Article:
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D.C. to establish all-day zones for ride-hailing cars and commercial deliveries

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Pick-up and drop-off zones are set to début in five busy areas in the coming weeks

14th and U streets NW, across from the Frank D. Reeves Municipal Center
The Washington Post/Getty Images

D.C. transportation officials plan to dedicate curbsides in five popular areas around the city as 24/7 pick-up and drop-off zones for ride-hailing vehicles like those available via Uber and Lyft as well as for commercial loading, Mayor Muriel Bowser’s administration said on Friday.

The goal of the zones is to “reduce conflicts between vehicles, pedestrians, and cyclists,” the mayor noted in a statement. The zones are poised be installed at 14th and U streets NW, the National Zoo, and the Wharf, and in Georgetown and NoMA, after a 30-day public comment period. Officials say these locations were selected because of “high demand for curb space.”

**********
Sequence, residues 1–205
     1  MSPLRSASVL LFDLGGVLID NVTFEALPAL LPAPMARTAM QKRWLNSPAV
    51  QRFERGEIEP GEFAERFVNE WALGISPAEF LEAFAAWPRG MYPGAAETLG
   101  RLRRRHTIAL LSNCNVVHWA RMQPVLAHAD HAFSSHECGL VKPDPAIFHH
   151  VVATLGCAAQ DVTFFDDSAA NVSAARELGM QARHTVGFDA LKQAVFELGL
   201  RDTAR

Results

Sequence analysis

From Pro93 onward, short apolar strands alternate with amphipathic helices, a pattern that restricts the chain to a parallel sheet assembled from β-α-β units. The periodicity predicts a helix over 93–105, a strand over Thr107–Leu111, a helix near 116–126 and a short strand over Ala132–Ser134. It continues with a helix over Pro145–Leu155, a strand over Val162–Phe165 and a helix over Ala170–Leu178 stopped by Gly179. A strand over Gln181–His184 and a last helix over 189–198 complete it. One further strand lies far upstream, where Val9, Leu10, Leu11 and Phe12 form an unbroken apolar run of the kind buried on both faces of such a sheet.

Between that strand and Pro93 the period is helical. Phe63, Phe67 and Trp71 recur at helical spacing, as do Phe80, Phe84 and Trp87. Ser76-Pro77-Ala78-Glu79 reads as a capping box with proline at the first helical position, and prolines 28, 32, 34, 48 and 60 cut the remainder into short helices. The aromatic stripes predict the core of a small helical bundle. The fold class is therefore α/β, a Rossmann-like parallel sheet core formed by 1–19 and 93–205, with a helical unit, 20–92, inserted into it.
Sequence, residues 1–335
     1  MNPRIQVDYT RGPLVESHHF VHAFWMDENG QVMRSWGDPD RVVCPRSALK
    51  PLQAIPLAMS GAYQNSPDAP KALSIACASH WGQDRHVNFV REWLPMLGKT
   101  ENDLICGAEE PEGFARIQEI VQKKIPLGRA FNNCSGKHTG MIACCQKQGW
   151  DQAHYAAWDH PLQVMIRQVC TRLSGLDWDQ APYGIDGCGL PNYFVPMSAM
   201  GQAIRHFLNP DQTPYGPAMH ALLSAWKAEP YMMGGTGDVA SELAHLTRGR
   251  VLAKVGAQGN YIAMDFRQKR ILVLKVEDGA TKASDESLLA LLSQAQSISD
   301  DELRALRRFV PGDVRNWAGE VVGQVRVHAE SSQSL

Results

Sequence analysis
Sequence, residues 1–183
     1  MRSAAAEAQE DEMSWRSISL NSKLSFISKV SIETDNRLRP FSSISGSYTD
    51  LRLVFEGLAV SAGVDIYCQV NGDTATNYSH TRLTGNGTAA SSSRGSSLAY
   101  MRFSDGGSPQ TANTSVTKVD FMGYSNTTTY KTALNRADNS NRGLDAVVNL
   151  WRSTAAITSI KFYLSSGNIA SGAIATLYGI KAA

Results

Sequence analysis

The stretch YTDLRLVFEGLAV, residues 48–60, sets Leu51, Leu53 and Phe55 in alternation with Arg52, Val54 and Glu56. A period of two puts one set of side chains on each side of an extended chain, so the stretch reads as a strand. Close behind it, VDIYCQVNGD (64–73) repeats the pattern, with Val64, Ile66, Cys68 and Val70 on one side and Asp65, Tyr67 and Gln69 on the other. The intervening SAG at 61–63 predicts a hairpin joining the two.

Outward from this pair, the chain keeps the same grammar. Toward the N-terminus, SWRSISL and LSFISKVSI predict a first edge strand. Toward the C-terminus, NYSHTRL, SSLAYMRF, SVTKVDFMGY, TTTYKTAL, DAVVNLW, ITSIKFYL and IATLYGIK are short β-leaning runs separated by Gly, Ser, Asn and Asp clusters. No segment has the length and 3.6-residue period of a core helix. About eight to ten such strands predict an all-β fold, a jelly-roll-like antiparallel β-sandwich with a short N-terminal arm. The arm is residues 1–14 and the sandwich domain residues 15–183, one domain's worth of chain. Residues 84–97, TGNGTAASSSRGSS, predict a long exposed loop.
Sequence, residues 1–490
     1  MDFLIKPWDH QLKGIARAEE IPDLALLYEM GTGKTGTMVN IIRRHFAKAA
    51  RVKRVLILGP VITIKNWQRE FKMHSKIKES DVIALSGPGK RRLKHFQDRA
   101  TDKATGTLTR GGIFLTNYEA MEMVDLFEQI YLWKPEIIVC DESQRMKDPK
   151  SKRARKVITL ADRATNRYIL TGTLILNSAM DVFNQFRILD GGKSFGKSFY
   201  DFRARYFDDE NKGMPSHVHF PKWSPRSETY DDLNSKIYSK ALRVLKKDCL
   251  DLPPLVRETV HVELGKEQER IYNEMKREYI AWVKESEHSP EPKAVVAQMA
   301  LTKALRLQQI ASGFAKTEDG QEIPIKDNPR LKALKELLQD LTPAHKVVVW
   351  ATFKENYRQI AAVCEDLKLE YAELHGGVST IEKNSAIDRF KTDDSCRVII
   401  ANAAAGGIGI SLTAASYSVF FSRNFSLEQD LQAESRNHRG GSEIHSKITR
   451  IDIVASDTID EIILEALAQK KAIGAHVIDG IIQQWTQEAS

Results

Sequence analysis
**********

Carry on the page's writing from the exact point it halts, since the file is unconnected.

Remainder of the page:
The effort is part of the District’s Vision Zero initiative to eliminate traffic fatalities and serious injuries by 2024. Bowser’s team unveiled a recalibration of Vision Zero earlier this week after a spike in traffic deaths in 2018 and criticism from D.C. activists and lawmakers.

Over the past year, the District Department of Transportation (DDOT) has tested pick-up and drop-off zones in Dupont Circle, along stretches of Connecticut Avenue NW and 18th Street NW bustling with nightlife. Cars that park in or otherwise block the zones are towed.

“Passenger and commercial loading can occur directly at the curb, and out of travel lanes,” explains a release from Bowser’s office. Like those in Dupont Circle, the five new zones will also be operated on a pilot basis. According to DDOT, their specific locations are as follows:

As part of its renewed Vision Zero plan, the District is considering prohibiting right turns on red at 100 “priority” intersections, implementing neighborhood “slow zones” where speeds would be restricted to 20 mph, and creating more protected bike lanes, among other actions.